By The Associated Press
Here is a look at six states hit hard by twisters that carved their way through the South, killing at least 45 people. More than 240 tornadoes were reported from the storm system.
NORTH CAROLINA: At least 21 were killed by Saturday's storms that spawned some 60 tornadoes in the southeastern part of the state. One of hardest hit areas was Bertie County, where 11 people died. Gov. Beverly Perdue says federal help is expected to help clean up the devastation that nearly brought her to tears. Saturday was North Carolina's deadliest day for tornadoes since 1984, when 22 killed 42 people and injured hundreds.
"I can replace the house, but I can't replace my babies. And that's what I thought about. I'm alive. My babies are alive." - Askewville's Justin Dunlow who survived along with his two young children when winds ripped to shreds their doublewide mobile home.
VIRGINIA: At least seven have been killed, three of whom in Gloucester County where a tornado cut a 12-mile swath, uprooting trees, destroying homes and injuring dozens. The tornado ripped the roof off Page Middle School and overturned school buses and cars. Flooding also is a problem in the state. Flash flooding killed two Waynesboro residents and several people were rescued from rising water.
"She'd put her kids in the bathtub and got on top of them. The tornado blew the house off the foundation, and everything in the house shattered, and is flattened to the ground." - Gloucester's Randy Cook walking through debris of sister's home.
ALABAMA: Seven were killed across the state and Gov. Robert Bentley has declared a state of emergency for all counties. The first race of a busy weekend at the Talladega Superspeedway was postponed until Saturday morning. Thousands of people were camping in open fields and getting ready for three days of races and they all made it through the storms. Four separate tornadoes hit Marengo County over the span of about five to six hours.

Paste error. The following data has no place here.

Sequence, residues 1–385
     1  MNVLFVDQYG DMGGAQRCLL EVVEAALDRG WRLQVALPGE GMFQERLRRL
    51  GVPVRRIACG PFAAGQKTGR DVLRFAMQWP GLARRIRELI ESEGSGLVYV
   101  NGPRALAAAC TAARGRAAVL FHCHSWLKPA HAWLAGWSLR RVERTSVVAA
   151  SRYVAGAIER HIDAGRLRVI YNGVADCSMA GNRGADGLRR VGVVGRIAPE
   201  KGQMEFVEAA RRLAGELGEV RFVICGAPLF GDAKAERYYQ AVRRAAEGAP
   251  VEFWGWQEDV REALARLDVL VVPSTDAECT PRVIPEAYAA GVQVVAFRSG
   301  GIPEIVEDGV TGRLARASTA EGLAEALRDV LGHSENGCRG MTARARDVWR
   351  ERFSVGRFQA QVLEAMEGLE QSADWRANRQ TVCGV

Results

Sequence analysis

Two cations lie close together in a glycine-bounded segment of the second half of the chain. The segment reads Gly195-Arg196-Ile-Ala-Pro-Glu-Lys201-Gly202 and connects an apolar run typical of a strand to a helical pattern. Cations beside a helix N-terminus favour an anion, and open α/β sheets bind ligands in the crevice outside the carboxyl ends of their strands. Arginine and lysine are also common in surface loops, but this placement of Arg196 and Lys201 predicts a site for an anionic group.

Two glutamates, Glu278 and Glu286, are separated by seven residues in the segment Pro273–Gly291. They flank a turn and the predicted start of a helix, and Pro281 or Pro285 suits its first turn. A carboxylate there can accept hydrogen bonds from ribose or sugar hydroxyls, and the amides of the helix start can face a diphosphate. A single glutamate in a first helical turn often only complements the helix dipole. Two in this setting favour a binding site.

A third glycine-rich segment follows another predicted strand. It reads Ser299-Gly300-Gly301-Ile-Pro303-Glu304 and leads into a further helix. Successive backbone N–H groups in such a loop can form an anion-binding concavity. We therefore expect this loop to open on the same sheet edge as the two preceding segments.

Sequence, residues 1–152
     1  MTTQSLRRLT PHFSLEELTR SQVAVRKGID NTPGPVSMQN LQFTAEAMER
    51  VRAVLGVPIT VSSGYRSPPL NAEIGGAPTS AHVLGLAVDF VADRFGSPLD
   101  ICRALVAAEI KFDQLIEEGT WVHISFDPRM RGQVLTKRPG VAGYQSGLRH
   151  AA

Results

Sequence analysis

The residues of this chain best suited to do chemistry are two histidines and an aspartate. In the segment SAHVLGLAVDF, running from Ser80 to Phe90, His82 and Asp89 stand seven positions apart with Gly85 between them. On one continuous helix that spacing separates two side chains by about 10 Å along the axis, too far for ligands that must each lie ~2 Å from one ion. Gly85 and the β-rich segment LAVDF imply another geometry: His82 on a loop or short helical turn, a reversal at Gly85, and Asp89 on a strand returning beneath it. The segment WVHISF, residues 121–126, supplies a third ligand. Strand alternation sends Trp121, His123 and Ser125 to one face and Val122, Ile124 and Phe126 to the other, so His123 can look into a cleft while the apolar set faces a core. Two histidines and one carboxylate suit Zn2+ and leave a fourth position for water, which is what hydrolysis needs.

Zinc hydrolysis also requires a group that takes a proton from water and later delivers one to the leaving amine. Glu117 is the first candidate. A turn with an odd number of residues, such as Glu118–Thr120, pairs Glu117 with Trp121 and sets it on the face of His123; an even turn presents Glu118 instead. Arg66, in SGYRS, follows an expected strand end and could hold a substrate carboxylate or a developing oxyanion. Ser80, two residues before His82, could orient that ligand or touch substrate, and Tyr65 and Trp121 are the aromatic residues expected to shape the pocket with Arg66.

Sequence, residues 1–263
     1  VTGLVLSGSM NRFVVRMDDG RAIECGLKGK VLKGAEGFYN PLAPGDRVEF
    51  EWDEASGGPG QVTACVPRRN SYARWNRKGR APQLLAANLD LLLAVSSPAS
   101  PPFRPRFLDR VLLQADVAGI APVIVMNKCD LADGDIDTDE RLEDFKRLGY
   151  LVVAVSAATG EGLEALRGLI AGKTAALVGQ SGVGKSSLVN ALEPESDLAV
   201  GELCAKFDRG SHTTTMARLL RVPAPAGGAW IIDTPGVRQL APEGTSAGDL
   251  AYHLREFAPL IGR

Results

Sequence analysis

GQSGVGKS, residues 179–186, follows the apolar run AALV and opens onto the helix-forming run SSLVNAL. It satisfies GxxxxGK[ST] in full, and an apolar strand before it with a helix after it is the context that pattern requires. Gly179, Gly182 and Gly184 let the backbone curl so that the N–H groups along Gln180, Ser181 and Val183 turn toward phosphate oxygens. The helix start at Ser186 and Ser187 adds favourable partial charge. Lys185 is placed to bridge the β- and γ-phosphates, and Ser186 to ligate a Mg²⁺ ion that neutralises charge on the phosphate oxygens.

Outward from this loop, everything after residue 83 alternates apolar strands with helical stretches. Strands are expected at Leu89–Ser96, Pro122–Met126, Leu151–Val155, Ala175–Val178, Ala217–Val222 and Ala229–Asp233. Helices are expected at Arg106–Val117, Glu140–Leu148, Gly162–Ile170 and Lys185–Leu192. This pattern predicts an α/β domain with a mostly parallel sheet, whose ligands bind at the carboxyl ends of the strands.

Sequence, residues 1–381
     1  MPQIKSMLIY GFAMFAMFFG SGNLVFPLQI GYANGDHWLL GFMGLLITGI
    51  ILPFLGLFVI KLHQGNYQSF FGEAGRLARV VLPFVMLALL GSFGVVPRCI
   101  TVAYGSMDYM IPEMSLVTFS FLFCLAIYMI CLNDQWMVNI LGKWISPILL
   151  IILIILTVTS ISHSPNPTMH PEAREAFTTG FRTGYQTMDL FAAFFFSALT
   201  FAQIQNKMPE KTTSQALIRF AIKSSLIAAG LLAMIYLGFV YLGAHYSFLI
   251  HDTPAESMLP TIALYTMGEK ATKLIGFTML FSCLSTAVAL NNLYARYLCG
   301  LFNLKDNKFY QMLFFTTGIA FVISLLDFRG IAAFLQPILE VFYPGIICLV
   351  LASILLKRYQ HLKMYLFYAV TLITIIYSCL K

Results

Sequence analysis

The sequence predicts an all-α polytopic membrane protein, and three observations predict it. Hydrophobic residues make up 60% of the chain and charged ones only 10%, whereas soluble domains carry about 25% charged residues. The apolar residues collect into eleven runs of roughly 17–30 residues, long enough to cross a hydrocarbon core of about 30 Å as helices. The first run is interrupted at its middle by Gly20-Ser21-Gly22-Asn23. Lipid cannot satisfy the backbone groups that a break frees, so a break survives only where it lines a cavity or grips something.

"The tornado hit and jumped and hit and jumped again. It would do some damage and then move on." - Autauga County Chief Deputy Sheriff Joe Sedinger about Boone's Chapel where three adult family members were killed Friday by tornado that ripped through homes.
ARKANSAS: Seven people were killed including a woman and her 8-year-old son when winds knocked a tree into their home in the capital city of Little Rock. Five others died as powerful straight-line winds blew through. All but one of the deaths occurred when people, including three children, were crushed by falling trees.
"I don't recall anything even approaching this." - Gov. Mike Beebe.
OKLAHOMA: Casualties from the storm system started in the state on Thursday when two older people were killed in the small town of Tushka and dozens were injured. Gov. Mary Fallin has declared a state of emergency for 26 counties as at least five tornadoes touched down, four in the southeastern part of the state and a fifth in the central part of the state.
"We're trying to salvage what we can. It's devastating. It's just horrible. Thank God we have so much help." - Tushka's Stacy George, who lives across the street from a school where the second story of the main building collapsed into the first.
MISSISSIPPI: One person was killed when at least three tornadoes hit the state on Friday. A state of emergency was declared for 14 counties. Some of the worst damage was in Clinton where a portion of a bank blew onto the interstate.
"You could just feel the house fall down. The whole back side of the house is gone. All you could see was this black cloud." - 23-year-old Phillip Gregory who got home about the time a tornado was forming in his neighborhood in Clinton, just west of Jackson. He and family members huddled in a bathtub.